The objective of this study is to demonstrate the ability of the inflatable Prone Supports (IPS) to lower the IAP of patients in the prone position. Whenever the patients’ position is changed to prone, the IAP is increased due to abdominal compression.1,2
It has been demonstrated previously that an increased IAP is linked to increased bleeding. The ability to reduce IAP will be assessed by measuring IAP before and after inflation of the IPS.
The METC (Medical Ethics Review Committee) has approved the SIAP study submitted by Dr. Van Eijs (anesthesiologist at ETZ, Tilburg, The Netherlands). The study will enroll 40 patients, aged between 18-70 and a body weight < 120 kg.
Intra-abdominal pressure (IAP) is defined as the steady-state pressure within the abdominal cavity. Under physiological conditions, values of up to 5 mmHg are considered normal in adults.3 The incidence of complications arising from increased IAP in critically ill patients, is high and its impact is significant. IAP impacts the cerebrospinal venous system and the jugular venous system via two pathways (see fig. 1).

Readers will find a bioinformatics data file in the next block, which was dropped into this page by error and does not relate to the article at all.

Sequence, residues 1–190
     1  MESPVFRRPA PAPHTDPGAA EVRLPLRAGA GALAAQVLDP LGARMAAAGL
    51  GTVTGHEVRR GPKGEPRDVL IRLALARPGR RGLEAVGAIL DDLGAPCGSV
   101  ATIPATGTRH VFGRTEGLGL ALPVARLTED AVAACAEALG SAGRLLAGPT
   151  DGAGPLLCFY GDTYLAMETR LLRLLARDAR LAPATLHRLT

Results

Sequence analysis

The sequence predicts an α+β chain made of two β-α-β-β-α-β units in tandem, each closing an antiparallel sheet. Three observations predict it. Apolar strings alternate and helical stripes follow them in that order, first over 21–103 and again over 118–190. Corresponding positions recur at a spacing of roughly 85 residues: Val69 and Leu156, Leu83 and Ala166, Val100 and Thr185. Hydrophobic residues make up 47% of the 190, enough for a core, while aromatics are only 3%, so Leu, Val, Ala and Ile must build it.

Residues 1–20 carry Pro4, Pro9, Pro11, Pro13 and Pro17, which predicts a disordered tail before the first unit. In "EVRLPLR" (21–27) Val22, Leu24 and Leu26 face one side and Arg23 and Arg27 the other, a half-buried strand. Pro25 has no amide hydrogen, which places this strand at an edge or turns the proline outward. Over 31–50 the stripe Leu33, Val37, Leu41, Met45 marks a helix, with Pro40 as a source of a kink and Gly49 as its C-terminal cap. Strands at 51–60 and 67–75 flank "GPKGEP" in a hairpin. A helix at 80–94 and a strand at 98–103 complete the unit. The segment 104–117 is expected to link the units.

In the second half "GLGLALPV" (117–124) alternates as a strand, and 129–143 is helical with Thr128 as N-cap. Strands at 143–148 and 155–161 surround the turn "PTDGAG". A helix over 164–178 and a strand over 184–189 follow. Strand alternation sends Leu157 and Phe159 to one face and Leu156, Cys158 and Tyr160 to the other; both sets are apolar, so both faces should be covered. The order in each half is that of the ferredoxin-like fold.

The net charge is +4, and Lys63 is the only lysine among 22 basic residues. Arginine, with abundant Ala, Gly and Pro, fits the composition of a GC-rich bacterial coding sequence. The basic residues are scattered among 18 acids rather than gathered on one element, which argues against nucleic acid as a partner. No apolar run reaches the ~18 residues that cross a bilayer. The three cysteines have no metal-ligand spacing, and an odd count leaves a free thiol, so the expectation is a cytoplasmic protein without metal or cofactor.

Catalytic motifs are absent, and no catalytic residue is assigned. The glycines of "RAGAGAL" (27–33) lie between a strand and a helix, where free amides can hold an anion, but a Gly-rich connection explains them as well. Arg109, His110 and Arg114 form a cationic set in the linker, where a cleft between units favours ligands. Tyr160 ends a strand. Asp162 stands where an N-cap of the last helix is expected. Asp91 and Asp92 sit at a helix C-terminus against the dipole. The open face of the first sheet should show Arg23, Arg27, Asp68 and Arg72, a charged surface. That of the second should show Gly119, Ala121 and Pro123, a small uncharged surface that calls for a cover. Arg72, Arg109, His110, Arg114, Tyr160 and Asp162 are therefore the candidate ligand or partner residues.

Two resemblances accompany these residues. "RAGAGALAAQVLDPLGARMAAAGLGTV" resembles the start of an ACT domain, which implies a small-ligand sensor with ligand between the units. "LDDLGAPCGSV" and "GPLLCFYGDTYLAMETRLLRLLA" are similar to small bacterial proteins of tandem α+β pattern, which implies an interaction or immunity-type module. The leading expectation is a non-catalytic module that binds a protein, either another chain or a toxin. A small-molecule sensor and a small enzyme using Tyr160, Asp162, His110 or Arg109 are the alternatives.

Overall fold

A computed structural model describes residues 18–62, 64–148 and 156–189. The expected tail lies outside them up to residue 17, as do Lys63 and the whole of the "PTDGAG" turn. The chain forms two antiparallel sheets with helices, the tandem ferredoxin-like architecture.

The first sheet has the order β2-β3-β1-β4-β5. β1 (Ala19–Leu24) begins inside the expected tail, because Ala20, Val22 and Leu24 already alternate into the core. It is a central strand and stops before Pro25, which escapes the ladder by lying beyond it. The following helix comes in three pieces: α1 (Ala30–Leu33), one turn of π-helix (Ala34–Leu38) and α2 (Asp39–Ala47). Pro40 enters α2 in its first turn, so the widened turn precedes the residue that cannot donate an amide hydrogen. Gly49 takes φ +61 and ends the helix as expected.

Fig 1. The concept of the two pathways. In the first pathway, an increase in IAP can cause backflow through the sacral venous plexus and the vertebral venous into the spinal canal. This can cause congestion of venous blood in the spinal canal and can cause flow of venous blood into the brain. In the second pathway, an increase in IAP can cause an increase in ITP (intrathoracic pressure) which in turn results in a back pressure on the jugular veins and decreases the drainage of the CSF (Cerebrospinal fluid) and the venous blood.4
The enrolled patients undergo spine surgery in prone position and have a transurethral bladder catheter during the procedure. The urinary catheter will be used to measure the IAP. The urinary bladder pressures reflects well the pressures in the abdominal cavity.3,7,8
Ergotrics is a Med-Tech company which specializes in the use of compressed air in healthcare. We develop and manufacture products which allow for optimal positioning or moving of patients. Without heavy physical labour and with special attention given to ease of use, patient safety and hygiene.